Denmark on Saturday became the second country to impose a fat tax, leading consumers to hoard butter, pizza, meat and milk, AFP reports.
The new tax, designed by Denmark’s outgoing government in an effort to limit the population’s intake of fatty foods, will add 16 kroner ($2.87, or 2.15 euros) per kilo (2.2 pounds) of saturated fats in a product.
For example, according to the AFP, the tax will increase the cost of 250 grams of butter by 2.20 kroner, to more than 18 kroner.
"It has been a chaotic week with a lot of empty shelves. People have been filling their freezers," Christian Jensen of an independent local Copenhagen supermarket told AFP.
"But actually I don’t think the tax will make that much difference. If people want to buy a cake, they will buy it. But right now they’re saving money," he added.
The new tax will be levied on all products including saturated fats -- from butter and milk to pizzas, oils, meats and pre-cooked foods -- in a costing system that Denmark’s Confederation of Industries (DI) says is a bureaucratic nightmare for producers and outlets.
"The way that this has been put together is an administrative nightmare, and I doubt whether it will give better health. It’s more just a tax," DI foodstuffs spokeswoman Gitte Hestehave told AFP, adding that the costs of levying the tax would be passed on to consumers.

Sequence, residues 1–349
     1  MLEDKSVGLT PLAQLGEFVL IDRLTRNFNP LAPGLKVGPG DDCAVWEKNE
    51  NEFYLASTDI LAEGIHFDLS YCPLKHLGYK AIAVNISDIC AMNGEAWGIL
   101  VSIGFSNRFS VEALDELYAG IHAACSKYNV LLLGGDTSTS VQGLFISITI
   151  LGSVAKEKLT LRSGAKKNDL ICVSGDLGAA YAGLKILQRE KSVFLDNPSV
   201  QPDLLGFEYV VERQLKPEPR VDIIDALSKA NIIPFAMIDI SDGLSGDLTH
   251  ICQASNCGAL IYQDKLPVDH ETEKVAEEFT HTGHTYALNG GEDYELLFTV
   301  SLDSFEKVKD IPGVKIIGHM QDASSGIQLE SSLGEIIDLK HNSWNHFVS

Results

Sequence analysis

Denmark is one of several European countries to tax sodas, and it has imposed a levy on candy for nearly 90 years, according to Der Spiegel. The country was the first in the world to pass a law banning trans fats, with Austria and Switzerland following closely after.
Last month, Hungary implemented a law imposing special taxes on foods with high fat, salt and sugar content.
On Sept. 1, Hungarians began paying a 10 forint (0.37 euros) tax on foods with high fat, sugar and salt content, as well as increased tariffs on soda and alcohol. The expected annual proceeds of 70 million euros will go toward state health care costs, including those associated with addressing the country's 18.8 percent obesity rate, which is more than 3 percent higher than the European Union average of 15.5 percent according to a 2010 report by the Organization for Economic Cooperation and Development. In Germany, by comparison, 13.6 percent of adults are obese, with Romania at the bottom of the list with 7.9 percent.